Why managers today need more than just technical skills.
More often than not, mental health issues in the workplace can be circumvented – or at least better supported – by a good manager. Yet many managers are promoted not for their people skills but for their technical abilities.
So what can employers do to make better people managers and, in turn, help their company’s bottom line?
“There needs to be a lot more work done in terms of emotional intelligence, in terms of moving people up into leadership positions,” says SANE Australia CEO Jack Heath.
According to Dr Caryl Barnes, a practising psychiatrist and consultant to mental health organisation The Black Dog Institute, companies should be asking themselves whether they’re promoting people because they’re good at what they do or because they’ve been trained to be good managers.
“The qualities of a manager are quite important when it comes to managing people with mental health issues,” she says.
“We tend to promote people in managerial and leadership roles based on their technical competence,” says David Burroughs, managing director of Communicorp, an Australian firm that specialises in workplace mental health and wellbeing training.
“[Having] technical expertise does not equate to being a good people manager.”
Managers alone can’t be solely responsible for the staff’s mental wellbeing. A degree of responsibility also rests on employers, who should ensure their managers are equipped with the right skills to mitigate mental health risks in the workplace.
“I’ve yet to see a job description that says ‘the job involves the tasks of x, y and z and ensuring the psychological health and safety of your work team’,” Burroughs says.
"There needs to be a lot more work done in terms of moving people up into leadership positions". – Jack Heath, SANE Australia
“Yet we’ve now got all these [workplace legislation] penalties if people fail to do all these sorts [provide a safe workplace, train staff, etc.] of things.”
“I’ve had [managers] come to see me and they’re suffering from depression,” Barnes says. “They talk about their role and they’re carrying huge responsibilities. When we talk about training and support, they haven’t had any.”
According to recent research by SANE Australia, 95 per cent of people claim that employers and managers need education and training on mental illness.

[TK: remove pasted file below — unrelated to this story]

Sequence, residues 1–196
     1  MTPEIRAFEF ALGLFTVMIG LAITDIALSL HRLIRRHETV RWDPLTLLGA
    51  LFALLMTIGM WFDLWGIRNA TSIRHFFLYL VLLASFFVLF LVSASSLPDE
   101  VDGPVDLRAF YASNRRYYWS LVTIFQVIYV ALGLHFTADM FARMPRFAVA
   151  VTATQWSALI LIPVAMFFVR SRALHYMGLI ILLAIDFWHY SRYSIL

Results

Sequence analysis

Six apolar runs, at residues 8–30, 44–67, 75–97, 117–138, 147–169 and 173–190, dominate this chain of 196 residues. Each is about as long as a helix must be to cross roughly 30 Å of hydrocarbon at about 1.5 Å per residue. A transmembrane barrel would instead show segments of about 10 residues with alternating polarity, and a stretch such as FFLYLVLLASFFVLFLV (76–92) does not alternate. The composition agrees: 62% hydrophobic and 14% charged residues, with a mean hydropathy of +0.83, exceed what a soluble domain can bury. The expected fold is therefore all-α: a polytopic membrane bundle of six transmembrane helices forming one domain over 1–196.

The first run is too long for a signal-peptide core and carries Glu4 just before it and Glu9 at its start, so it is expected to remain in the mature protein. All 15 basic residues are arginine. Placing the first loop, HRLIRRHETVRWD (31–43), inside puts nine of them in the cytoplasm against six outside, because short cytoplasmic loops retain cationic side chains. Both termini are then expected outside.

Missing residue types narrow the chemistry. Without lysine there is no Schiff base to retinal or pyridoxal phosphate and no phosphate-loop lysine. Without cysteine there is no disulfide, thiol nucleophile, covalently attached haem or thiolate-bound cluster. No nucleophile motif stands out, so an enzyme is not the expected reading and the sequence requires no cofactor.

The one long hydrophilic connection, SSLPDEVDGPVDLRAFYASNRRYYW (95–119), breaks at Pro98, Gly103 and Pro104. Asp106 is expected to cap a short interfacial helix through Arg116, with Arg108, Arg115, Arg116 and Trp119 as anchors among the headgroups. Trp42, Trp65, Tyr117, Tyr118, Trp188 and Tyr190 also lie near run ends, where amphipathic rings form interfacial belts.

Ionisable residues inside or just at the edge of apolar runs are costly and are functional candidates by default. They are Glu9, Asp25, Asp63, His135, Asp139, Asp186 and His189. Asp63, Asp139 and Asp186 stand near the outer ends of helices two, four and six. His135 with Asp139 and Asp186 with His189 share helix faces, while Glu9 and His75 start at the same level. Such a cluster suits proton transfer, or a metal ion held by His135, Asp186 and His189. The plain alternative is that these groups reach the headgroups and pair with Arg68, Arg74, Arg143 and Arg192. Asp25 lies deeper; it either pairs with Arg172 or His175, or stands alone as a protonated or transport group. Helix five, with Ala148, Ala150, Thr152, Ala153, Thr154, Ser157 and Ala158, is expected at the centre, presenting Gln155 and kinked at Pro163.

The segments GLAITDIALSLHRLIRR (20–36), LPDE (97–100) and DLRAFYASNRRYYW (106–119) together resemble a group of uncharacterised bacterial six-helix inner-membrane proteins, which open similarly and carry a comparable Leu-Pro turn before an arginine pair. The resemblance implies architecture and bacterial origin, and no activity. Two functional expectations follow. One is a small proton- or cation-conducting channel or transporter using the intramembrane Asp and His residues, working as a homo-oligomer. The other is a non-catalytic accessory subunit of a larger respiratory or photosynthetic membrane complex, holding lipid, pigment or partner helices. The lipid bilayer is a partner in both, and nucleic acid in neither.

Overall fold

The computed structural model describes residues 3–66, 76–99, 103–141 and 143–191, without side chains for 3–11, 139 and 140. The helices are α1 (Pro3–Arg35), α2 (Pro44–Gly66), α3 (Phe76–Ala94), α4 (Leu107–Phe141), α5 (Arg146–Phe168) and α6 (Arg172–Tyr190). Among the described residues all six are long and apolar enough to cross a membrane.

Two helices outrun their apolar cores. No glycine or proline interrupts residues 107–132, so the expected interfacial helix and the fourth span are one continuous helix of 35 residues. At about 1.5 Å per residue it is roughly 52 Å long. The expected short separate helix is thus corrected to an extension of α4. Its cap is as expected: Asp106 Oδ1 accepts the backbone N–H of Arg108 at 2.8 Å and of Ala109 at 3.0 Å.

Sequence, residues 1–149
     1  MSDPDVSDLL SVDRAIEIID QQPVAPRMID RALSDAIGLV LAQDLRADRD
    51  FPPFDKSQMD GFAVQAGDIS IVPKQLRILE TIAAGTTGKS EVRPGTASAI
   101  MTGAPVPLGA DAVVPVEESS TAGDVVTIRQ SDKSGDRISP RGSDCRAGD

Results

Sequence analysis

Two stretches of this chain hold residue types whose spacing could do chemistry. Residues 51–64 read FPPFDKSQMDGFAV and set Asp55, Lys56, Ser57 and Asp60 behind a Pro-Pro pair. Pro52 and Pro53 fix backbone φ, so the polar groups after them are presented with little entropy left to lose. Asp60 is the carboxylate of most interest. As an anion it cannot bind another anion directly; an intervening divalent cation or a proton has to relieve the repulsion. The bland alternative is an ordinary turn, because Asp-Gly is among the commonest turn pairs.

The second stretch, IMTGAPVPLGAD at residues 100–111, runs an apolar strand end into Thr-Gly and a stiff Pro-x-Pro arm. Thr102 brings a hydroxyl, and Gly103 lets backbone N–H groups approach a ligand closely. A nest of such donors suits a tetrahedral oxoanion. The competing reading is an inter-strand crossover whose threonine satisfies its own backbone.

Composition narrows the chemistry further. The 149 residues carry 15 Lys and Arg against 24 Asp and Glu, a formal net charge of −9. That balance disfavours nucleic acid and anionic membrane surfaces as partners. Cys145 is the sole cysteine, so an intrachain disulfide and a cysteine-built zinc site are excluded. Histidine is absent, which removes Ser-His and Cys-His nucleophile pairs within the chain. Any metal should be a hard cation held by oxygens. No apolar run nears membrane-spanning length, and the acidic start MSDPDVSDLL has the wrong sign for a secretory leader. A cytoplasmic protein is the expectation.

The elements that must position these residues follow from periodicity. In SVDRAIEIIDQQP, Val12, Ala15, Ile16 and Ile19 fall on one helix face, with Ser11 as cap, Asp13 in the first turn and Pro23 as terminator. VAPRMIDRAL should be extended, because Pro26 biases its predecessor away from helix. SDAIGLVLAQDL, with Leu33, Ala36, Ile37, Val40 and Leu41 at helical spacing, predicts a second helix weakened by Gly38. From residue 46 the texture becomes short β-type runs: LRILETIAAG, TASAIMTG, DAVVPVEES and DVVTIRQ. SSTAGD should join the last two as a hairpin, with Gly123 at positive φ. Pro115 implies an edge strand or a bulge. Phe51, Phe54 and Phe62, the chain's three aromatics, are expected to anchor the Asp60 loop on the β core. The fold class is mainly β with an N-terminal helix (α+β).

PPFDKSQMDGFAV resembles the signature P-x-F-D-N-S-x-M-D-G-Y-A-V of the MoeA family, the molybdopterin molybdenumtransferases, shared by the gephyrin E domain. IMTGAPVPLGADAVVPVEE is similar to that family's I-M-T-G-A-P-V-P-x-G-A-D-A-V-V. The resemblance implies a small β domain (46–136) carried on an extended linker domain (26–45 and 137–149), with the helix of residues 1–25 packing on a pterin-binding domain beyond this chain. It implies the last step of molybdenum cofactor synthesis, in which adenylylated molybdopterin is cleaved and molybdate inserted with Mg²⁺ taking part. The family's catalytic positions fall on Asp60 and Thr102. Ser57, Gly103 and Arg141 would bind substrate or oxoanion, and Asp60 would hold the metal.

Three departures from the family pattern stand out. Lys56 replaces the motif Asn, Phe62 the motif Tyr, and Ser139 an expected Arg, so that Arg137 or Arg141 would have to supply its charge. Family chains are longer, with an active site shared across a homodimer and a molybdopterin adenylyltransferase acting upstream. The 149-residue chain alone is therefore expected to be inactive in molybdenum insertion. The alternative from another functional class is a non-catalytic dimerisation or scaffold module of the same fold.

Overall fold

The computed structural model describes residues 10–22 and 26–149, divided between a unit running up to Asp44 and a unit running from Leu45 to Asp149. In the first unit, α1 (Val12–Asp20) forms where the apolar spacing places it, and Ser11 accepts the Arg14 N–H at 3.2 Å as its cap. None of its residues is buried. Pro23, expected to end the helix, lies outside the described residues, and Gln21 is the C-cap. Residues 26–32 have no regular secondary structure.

“How do managers tackle the issue of mental illness at work?” Heath recently asked. “It's a major problem throughout Australia, affecting many people.”
The answer, it appears, lies in better educating people who manage staff. “It’s not a supervisor’s role to diagnose a mental illness,” Heath says. “Nor should a supervisor be expected to be a counsellor. They should, however, have the skills to respond to any early signs of mental health problems in the workplace.”
Dr Sam Harvey, who leads a program of research on workplace mental health conducted jointly by the University of NSW and The Black Dog Institute
“Managers have a really crucial role in terms of identifying when people are becoming unwell, managing [them], and helping them get back into the workplace.”
Yet, without the education and skills to identify and mitigate known mental health risks, managers are often left to their own devices.
Helping work to help
The Australian Chamber of Commerce and Industry recently formalised a partnership with mental health awareness organisation beyondblue to better enable employers to access mental health resources, including beyondblue
’s advice services.
According to Carolyn Davis, the Chamber’s manager work health and safety and workers compensation policy, “We’re working with beyondblue [on] resources that enable businesses to look at a [mental health] policy without having to start from scratch. Employer associations can [then] take it to their members.”
The Australian Workers’ Union formed a similar partnership earlier in the year, with AWU National Secretary Paul Howes stating: “There has been a long-standing culture of workers in blue-collar industries hiding [mental health] difficulties and trying to just tough it out”.
Howes adds that he hopes the partnerships will encourage more people to act when they see the warning signs.
Therese Fitzpatrick, workplace and workforce program leader at beyondblue, says: “What makes a good leader is what makes a good leader around mental health. It’s not about being soft all the time, but having clear communication styles, ensuring people know what they can make a decision on and what they can’t, empowering employees appropriately, understanding the personal and understanding how to get the best out of people.”
“It’s about building people’s capabilities so they can thrive themselves [and then in turn] can actually support others,” says Burroughs. “Managers are often the meat in the sandwich. The expectations are really high and it’s tricky for them.”
“A lot of work has been put out that says having a supportive manager is one of the key things in maintaining a healthy workplace,” Barnes says. “So when someone does have a mental health problem, whether it’s anxiety or depression, we know that staying in work is actually really important for recovery.
“It can help people get better quicker, because work has so many positive elements to it. But only if you have managers who can guide you through that process.”
What can businesses do?
the right people
• Consider moving
people who aren’t equipped to manage others into technical lead roles that allow them to utilise their technical expertise, while leaving the people management to others
managers, and make sure the training covers emotional intelligence
• Develop a mental health policy
and action it
• Ensure managers understand
their team through face-to-face meetings
• Help staff feel that they have control
of their working life.
If you’re experiencing mental health issues, contact Lifeline on 131 114; beyondblue on 1300 224 636 or SANE Australia on 1800 18 SANE (7263).